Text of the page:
Although Ephron repeatedly emphasizes the larger impact of Amir’s act, it is easy to reach the conclusion that if Amir had not killed Rabin there is a good chance that someone else with similar sentiments would have done so. For all we know, and for all Shin Bet knows, there may have been other would-be assassins planning to do just that when Amir hit his target.
Some of the findings of the official investigation of the assassination were the sort of hindsight-driven conclusions, especially of the connect-the-dots variety, that are customary after such events. In this case, there was so much malicious and threatening noise directed against Rabin that the signals involving Amir’s intentions would have been especially difficult to pick up and to interpret as significant.
What was inexcusable was the porous physical security for Rabin at the site of the rally where he gave his last speech. A parking lot that was supposed to be a secure area never was properly secured. Amir had no trouble entering it through a gate and loitering there within steps of the prime minister’s car for nearly three-quarters of an hour, all without being challenged.
Ephron is wisely noncommittal about whether the Oslo-based peace process would have survived if Rabin had also survived, although he seems to lean in the direction that it would have. The question is similar to countless counterfactual queries that have been posed elsewhere about whether a particular leader was indispensable for a particular result.
Speculation about Rabin and the peace process is aided by Ephron’s informative treatment of the six months following the assassination. During that period the new prime minister, Shimon Peres, lost an initial large lead in the polls and ended up losing narrowly to Netanyahu in an election in May 1996.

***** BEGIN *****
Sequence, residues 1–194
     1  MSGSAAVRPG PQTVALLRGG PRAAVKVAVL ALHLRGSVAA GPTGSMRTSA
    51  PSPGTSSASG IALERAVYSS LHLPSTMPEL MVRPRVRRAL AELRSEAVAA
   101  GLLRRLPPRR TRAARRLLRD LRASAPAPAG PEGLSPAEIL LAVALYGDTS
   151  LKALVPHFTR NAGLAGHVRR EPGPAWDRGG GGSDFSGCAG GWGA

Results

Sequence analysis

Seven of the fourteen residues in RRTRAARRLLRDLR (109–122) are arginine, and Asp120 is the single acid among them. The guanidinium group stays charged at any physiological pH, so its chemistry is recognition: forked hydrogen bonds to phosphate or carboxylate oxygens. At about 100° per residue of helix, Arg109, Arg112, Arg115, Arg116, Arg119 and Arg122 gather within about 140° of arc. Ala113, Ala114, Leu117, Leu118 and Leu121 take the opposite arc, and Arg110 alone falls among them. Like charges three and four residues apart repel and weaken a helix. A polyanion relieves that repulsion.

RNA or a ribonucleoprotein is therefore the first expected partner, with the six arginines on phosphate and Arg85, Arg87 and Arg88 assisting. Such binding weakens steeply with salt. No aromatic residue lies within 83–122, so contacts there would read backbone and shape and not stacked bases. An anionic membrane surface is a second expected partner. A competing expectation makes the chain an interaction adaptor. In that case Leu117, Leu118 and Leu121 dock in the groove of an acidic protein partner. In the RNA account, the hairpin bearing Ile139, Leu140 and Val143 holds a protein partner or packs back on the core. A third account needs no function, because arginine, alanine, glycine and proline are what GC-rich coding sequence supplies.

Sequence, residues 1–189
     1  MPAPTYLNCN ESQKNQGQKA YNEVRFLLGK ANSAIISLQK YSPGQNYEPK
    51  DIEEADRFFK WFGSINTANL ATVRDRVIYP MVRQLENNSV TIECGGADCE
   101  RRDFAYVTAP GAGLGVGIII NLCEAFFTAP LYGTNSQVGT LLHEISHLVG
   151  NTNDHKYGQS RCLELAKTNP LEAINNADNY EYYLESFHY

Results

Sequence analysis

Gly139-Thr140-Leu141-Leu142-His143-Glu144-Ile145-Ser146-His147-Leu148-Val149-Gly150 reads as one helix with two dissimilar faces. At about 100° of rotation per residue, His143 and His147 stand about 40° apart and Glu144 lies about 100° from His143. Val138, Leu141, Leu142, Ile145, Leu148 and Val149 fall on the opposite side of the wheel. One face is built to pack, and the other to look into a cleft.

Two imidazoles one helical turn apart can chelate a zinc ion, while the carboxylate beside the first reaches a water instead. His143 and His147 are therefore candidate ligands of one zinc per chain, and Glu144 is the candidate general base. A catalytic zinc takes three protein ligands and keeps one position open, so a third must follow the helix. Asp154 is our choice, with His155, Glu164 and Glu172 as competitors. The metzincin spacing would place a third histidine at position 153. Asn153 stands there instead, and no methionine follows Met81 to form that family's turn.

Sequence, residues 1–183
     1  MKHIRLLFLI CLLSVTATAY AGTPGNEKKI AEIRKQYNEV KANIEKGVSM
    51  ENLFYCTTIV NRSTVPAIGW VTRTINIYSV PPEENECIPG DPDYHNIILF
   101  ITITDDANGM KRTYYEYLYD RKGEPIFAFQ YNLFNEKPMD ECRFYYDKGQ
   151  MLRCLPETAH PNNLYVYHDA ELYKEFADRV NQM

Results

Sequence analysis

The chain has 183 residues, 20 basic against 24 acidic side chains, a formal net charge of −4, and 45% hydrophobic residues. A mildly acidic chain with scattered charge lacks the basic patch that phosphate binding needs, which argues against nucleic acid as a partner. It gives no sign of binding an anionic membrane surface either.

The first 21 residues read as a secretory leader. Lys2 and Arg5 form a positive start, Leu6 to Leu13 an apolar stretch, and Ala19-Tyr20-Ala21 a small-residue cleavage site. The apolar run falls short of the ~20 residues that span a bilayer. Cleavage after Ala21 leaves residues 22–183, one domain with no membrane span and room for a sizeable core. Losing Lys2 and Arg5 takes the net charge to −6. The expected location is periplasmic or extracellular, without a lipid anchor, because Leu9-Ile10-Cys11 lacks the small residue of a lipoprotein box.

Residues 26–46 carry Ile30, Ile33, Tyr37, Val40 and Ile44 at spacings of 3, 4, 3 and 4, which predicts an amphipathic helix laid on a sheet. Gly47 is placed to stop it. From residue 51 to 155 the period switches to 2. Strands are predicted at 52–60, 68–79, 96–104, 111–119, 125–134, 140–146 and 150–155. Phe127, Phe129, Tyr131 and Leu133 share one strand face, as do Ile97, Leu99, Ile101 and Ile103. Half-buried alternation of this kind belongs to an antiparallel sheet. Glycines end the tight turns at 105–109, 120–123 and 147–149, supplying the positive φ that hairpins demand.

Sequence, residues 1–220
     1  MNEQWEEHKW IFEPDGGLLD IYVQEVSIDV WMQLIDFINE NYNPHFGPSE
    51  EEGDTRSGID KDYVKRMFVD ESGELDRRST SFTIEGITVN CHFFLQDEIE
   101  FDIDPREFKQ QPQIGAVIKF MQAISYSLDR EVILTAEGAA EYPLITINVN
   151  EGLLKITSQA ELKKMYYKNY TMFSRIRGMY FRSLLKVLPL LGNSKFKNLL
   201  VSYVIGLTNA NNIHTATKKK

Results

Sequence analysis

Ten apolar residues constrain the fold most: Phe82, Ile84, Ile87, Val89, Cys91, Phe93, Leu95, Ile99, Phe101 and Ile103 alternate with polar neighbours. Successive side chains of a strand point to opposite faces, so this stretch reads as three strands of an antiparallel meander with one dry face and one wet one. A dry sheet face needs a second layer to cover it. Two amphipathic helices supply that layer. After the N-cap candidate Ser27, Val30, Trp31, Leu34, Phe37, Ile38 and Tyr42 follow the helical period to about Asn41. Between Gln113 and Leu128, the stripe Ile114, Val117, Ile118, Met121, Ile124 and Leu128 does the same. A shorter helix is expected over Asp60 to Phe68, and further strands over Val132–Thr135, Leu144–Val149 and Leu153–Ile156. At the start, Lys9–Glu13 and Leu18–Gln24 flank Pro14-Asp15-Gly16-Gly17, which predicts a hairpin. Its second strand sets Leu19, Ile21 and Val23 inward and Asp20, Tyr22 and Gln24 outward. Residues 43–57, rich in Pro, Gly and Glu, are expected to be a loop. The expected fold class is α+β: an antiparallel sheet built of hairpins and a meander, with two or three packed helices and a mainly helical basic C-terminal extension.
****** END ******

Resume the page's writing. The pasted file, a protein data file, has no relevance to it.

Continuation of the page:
Multiple reasons help to explain Peres’s failure, some involving misjudgment and some involving luck. Syrian president Hafez al-Assad was reluctant to conclude a peace agreement when it was uncertain if the Israeli leader he concluded it with would be around very long. Peres was reluctant to involve Rabin’s widow Leah in the election campaign, perhaps a reflection of the long-standing rivalry between Peres and Yitzhak Rabin, a recurrent sub-theme in Ephron’s book.
An Israeli military operation in Lebanon may have led some disaffected Arab-Israeli voters to sit out the election. Most of all there was the Israeli assassination in January 1996 of Hamas master bomb-maker Yahya Ayyash, in an operation involving explosives hidden in a phone and detonated by remote control. This assassination almost certainly was the stimulus for a wave of retaliatory suicide bombings against Israel, ending what had been several months of calm. The bombings swung Israeli public opinion in favor of the hardliners and against the idea of territorial concessions to Palestinians.
To assess the counterfactual scenario of these same six months if Rabin were still alive, one must remember that Peres was at least as much committed to the peace process as was Rabin. As foreign minister, he shared the Nobel Peace Prize that also was awarded to Rabin and Arafat. Moreover, had Amir missed his target, Rabin would not have experienced the pro-Labor spike of public sympathy that Peres enjoyed in the first weeks after the assassination.
The outcome of the scenario would have depended most of all on the decision to kill Ayyash. One hypothesis is that for Shin Bet, which was responsible for protecting the Prime Minister and embarrassed by its failure to do so, taking out Ayyash was an opportunity to redeem itself and thus an operation that it pushed especially hard on Peres.
But Rabin might have been just as tempted as Peres to eliminate this important Hamas military figure. If Rabin had given the same green light to Shin Bet, the resulting security and political repercussions probably would have been largely the same as what actually occurred.
Regardless of who was prime minister, if a two-state solution was to be reached according to the Oslo agreement, it had to have been reached fairly quickly and certainly within the five-year interim period the accord specified. One reason was that the gradual, staged approach in the agreement, although it was intended to build mutual confidence, also was an opportunity for opponents on each side to mobilize against the accord.